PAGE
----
for g = 1, . . . , G; i = 1, 2; j = 1, . . . , J,

where g indexes the genes, i the group (there are two groups), and j the replications, µgi is the mean expression for the gth gene for the ith group, and gij is the random error. The t distribution for the error has been introduced by assuming gij |σgi 2 ∼ N (0, σgi 2 ) and wgij |νj ∼Gamma(νj /2, νj /2) where wgij and gij are independent. In additional to the basic ANOVA assumptions, it has been also assume that the error variances are different for the genes and groups but the same

BAYESIAN LINEAR MODELS

39

for the replications, whereas the number of degrees of freedom for the t distribution is same for the all the genes and groups but may change among replicates. An inverse-gamma prior is assigned for the error variance parameter σgi2 . µgi is the effect of group i on gene g, and the gth gene is not differentially expressed between the two groups if these effects are equal (µg1 = µg2 ). Gottardo et al. (2006) developed a mixture prior for µgi to use this fact to identify signiﬁcant genes. Deﬁning µg = (µg1 , µg2 ) and λ = (λ1 , λ2 , λ12 ), then the mixture prior is µg |λ, π ∼ (1 − π )N (µg1 |0, λ−1 12 )I [µg1 = µg2 ] −1 + π N (µg1 |0, λ−1 1 )N (µg2 |0, λ2 )I (µg1 = µg2 ),

where N (µg1 |0, λ−1 12 ) means that µg1 follows a zero-mean normal distribution with variance λ−1 12 . The ﬁrst component corresponds to the genes that are not differentially expressed so µg1 = µg2 so for the particular gene g, and the two groups share the same variance (that way it can borrow strength). Likewise, the second component corresponds to the genes that are differentially expressed (µg1 = µg2 ) so we assume independent normal priors for these two components with separate variances. Conjugate gamma priors are assigned for λs. The hierarchical model is 2 2 ygij |µgi , σgj , wgij ∼ N (µgi , σgj /wgij ), 2 ∼ IG(aj o , bj o ), σgj

wgij ∼ Gamma(νj /2, νj /2), µg |λ, p ∼ MixNorm(0, λ, p), λ ∼ Gamma(·) π ∼ U[0, 1].

(3.19)

Gibbs sampling is required to obtain realizations from the posterior distribution. Due to assignment of conjugate priors, all the complete conditionals except for µ are in explicit form using linear model theory (see Section 3.2). To obtain the complete conditional distribution for µ, we need to use the results for the mixture distribution from the example A.3 in the Appendix A. If the prior is a mixture distribution then the posterior will again be a mixture distribution with updated components. In this situation it is easy to show using our previous results that the complete conditional distribution (conditioned on all the parameters and the vector of responses y) for µg is µg |y, λ∗ , π ∝ (1 − π )N (µg1 |θg , λ∗g −1 )I [µg1 = µg2 ] + π N (µg1 |θg1 , λ∗g1 −1 )N (µg2 |θg2 , λ∗g2 −1 )I (µg1 = µg2 ).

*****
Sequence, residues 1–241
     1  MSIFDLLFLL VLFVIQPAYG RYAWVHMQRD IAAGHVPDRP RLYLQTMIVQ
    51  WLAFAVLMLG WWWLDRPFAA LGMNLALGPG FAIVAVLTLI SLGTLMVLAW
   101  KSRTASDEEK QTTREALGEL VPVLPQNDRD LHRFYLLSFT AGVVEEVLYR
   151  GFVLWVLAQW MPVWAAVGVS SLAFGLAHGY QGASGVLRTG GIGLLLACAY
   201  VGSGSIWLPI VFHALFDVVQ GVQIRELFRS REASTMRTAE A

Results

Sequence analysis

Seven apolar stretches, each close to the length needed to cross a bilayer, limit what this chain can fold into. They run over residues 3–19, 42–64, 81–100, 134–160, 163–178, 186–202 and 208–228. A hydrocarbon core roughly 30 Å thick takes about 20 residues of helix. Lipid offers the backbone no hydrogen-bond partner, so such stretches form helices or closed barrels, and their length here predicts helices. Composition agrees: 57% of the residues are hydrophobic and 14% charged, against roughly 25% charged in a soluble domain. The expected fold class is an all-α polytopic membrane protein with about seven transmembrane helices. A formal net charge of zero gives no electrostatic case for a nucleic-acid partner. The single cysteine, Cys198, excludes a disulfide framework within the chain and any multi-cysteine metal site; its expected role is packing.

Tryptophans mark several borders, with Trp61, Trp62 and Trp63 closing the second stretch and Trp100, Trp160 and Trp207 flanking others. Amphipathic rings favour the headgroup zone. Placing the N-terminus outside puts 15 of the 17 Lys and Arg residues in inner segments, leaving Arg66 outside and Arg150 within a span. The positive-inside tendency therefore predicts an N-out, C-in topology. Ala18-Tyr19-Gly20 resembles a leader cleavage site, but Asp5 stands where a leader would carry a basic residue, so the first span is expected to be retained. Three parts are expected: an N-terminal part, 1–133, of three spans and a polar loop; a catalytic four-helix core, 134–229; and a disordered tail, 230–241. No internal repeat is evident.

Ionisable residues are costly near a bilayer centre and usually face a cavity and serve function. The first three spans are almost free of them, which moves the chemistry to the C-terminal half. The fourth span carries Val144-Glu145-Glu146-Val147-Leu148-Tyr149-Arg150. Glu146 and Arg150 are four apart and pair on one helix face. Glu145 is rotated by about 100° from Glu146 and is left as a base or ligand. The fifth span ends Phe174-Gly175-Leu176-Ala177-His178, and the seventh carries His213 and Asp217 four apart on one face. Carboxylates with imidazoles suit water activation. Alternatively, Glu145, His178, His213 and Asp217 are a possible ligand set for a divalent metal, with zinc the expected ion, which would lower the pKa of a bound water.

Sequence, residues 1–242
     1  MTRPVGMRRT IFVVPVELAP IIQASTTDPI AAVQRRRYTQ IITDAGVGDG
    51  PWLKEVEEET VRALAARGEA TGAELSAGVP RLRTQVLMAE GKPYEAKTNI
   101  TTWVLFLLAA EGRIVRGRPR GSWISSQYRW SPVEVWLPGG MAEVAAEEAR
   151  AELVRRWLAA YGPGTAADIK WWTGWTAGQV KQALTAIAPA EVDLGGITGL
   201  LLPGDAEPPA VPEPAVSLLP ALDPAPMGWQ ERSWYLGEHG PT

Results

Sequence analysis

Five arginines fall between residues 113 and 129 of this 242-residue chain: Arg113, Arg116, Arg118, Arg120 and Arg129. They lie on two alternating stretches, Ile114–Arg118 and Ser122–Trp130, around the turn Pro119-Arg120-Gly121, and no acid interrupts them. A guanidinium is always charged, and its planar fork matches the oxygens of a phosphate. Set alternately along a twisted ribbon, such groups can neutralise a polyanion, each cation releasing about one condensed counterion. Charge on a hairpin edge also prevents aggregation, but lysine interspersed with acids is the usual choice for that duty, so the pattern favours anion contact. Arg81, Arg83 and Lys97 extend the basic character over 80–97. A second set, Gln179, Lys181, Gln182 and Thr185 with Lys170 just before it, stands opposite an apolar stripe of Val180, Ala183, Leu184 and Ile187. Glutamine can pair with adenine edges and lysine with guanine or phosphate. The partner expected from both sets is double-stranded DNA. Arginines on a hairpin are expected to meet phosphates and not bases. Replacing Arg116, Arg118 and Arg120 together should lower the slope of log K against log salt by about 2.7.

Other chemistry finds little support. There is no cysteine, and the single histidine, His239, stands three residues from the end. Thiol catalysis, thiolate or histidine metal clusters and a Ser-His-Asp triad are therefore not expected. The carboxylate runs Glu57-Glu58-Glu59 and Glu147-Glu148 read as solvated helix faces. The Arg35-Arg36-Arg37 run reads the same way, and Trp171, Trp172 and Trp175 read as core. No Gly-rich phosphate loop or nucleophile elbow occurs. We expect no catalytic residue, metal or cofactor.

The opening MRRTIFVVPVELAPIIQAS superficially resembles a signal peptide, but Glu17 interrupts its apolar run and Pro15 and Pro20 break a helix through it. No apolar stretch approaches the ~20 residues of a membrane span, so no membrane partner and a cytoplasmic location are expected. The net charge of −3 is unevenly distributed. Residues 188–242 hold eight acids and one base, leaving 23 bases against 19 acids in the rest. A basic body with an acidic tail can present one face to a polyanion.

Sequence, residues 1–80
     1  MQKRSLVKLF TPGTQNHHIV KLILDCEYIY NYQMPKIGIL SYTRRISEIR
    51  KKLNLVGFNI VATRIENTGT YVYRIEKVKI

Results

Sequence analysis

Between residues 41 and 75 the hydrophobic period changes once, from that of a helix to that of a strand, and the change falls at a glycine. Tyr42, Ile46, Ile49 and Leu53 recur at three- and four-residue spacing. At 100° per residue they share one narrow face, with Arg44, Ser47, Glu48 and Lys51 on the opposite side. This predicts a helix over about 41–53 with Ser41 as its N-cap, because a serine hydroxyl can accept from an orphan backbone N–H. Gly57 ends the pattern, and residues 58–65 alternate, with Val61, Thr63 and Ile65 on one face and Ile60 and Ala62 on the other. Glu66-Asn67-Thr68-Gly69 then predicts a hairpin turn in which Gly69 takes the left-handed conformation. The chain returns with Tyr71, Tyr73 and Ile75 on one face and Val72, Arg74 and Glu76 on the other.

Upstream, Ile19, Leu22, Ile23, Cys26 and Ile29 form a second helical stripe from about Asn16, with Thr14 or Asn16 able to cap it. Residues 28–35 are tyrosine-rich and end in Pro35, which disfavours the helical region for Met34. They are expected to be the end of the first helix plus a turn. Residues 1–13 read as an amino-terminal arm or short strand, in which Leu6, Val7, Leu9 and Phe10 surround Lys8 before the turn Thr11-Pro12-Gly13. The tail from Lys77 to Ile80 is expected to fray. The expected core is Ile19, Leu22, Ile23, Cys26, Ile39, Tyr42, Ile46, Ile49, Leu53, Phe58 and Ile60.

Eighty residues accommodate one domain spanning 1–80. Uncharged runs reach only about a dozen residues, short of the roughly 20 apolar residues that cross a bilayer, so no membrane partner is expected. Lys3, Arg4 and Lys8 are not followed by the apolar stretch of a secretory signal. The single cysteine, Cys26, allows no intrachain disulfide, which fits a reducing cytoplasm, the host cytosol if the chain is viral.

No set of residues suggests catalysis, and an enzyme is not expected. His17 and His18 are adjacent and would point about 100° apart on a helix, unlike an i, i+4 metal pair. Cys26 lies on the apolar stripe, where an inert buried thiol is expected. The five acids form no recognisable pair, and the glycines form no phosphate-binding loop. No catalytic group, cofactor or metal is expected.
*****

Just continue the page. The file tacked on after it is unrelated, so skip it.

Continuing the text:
40

BAYESIAN ANALYSIS OF GENE EXPRESSION DATA

3.6

Case Study

The conditional posterior precisions (inverse of variance) λ∗g = g,i,j wgij τgj + λ12 and λ∗gi = τgi j wgij + λi where τ is the precision (1/σ 2 ) of the error distribution. The conditional posterior means are θg = λ∗g −1 ij wgij τgj ygij and θgi = λ∗gi −1 i wgij τgj ygij . To simulate µg from this conditional distribution, we can use a MH algorithm or direct Gibbs sampler as discussed in Appendix B. After convergence of the MCMC chains we obtain the posterior samples of the parameters. From the posterior output we can compute the marginal posterior probability of differential expression of gene g, namely P (µg1 = µg2 |y). For each gene g, This probability is computed for each gene g, and Monte Carlo samples of µ are used to estimate it. With B posterior samples, we use the relative frequency formula B1 I [µg1 (l) = µg2 (l) ], where µg1 (l) , µg2 (l) are the values generated at the lth iteration of the MCMC and I (·) is the indicator function which is 1 when µg1 (l) = µg2 (l) . The method can be extended for paired samples (where the conditions are related) and the details are given in Gottardo et al. (2006).

We demonstrate the BAM methodology on the lung cancer Affymetrix microarray data set of Wachi et al. (2005). The data consist of expression values for 22 283 genes collected from ten patients, ﬁve of whom had squamous cell carcinoma (SCC) of the lung and ﬁve were normal patients. The data set is available for download at http://www.ncbi.nlm.nih.gov/geo/query/acc.cgi?acc = GSE3268. The microarray data are normalized using the RMA method (see Section 2.2.3) in R using affy. We refer the reader to Wachi et al. (2005) for further details on the pre-processing of the data. We used the BAMarray 2.0 academic edition software available for download at http://www.bamarray.com/ (see Ishwaran et al., 2006, for further details on BAMarray). We used the default options built into the software for the entire analysis. The BAM method assumes constant variance across the groups and an automatic CART based clustering approach to variance stabilization built within the software. The adequacy of the transformation can be visualized via a V-plot (Ishwaran and Rao, 2005) as shown in Figure 3.1. If the variances have stabilized to values near 1, then plotting the group mean difference for a gene versus the corresponding absolute value of the t-statistic should give a plot with a line having constant slope. These theoretical lines are the ones shown as dotted black lines on the V-plot and the clustering of differences along these lines represents the appropriateness of the transformation. Figure 3.2 shows the shrinkage plot for the lung cancer data set. Plotted are the posterior variances on the vertical axis and the Zcut values on the horizontal axis. As demonstrated in Ishwaran and Rao (2005), genes that are truly differentially expressed will have posterior variances converge to 1 on the far right and left of the plot. The cutoff values are determined in a data-adaptive manner by balancing

BAYESIAN LINEAR MODELS